Brussels The EU countries have agreed to lower the price of Russian oil. This is intended to reduce Russia’s revenues. The price cap should not only have an effect in Europe, but worldwide.
The EU wants to achieve this by banning European shipowners from transporting Russian oil if it has been traded at a price above the cap. Insurance companies should also be prohibited from insuring other transports.
In principle, the G7 countries had already agreed on such a price cap at their summit meeting in early September. Greece, among others, had blocked. Many large oil tankers fly the Greek flag.
The new EU decision is a sanction in response to mock referendums in Ukrainian regions and the annexation of those regions Russia. President Vladimir Putin completed the annexation on Wednesday by signing the relevant laws.
Top jobs of the day
Find the best jobs now and
be notified by email.
Oil imports from Russia to the EU are due to largely end on December 5th. Imports by sea are then prohibited. Only pipeline oil is said to continue to flow to some Eastern European countries.
The participation of Great Britain is also decisive for the effect of the price cap. Around 90 percent of ships worldwide are insured in London. Recently, the British government hesitated to ban this business for Russian oil transports.
In addition, shipping companies could try to circumvent the sanctions by registering their ships in countries outside the EU or by pumping oil from one ship to another at sea. This is already practiced today in individual cases in order to disguise the origin of the oil.
The package of sanctions also includes further export bans on technological products, import bans on certain types of steel and a ban on EU citizens serving on the supervisory boards and executive boards of Russian state-owned companies. This means that ex-Chancellor Gerhard Schröder would no longer be allowed to accept such posts. Other people involved in organizing the sham referendums will be placed on the sanctions list.
Normally, it would be a matter of form for these decisions to actually come into force. However, Hungary announced the need for changes to the last major package of sanctions at the last minute and achieved a weakening. Also, no value has been set for the price cap.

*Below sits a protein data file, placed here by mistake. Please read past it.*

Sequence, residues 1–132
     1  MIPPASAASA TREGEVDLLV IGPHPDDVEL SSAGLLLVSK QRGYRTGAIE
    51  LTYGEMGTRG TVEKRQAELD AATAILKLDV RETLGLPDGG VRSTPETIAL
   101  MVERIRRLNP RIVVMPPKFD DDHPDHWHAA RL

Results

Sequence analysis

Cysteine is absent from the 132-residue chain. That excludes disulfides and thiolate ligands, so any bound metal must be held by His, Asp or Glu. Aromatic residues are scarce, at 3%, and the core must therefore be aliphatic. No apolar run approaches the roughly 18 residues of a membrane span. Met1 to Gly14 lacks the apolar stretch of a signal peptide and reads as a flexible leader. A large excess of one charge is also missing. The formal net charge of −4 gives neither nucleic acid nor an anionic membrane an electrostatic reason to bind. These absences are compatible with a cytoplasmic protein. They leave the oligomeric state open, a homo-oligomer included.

Of the Leyen proposes new gas price cap
At the same time, the EU is working on various measures to lower the price of gas in the EU. “We must avoid a scenario in which the member states again outbid each other on the world markets and drive up prices for Europe,” said Commission President Ursula von der Leyen in the European Parliament. Instead, she wants to curb prices in joint negotiations with suppliers.
In addition, she intends to cap the price of gas for electricity generation and to make it clear that the EU is not prepared to pay any price for gas that is called for. How she intends to implement this was not made clear in her speech. It is not about a fixed import price, but about the prices in trade within Europe, said a spokesman. After all the details have been clarified, the Commission wants to send a letter to the EU heads of state and government. They meet in Prague on Friday and in Brussels on October 20th and 21st.
So far, the Commission had rejected such demands with the support of Germany. However, a letter from 15 states is putting pressure on the authorities. In it, France and Italy, among others, call for a cap on the price of gas imports.
That would mean that friendly countries like Norway or the USA would also be paid less. The prices charged for deliveries to Europe are currently higher than what is achieved in Asia, for example. One reason for this is the lack of capacity in European LNG terminals. A price cap would be below the European market price but above the Asian market price.
Economists generally warn against artificially lowering prices. Because that inevitably reduces the incentive to reduce gas consumption and thus increases the risk of shortages. Corresponding plans were therefore rejected in March of this year.
“Since then, the situation has developed significantly,” says von der Leyen. “Compared to March, more Member States are open to it today and we are better prepared.” A correct design of the upper limit can ensure security of supply.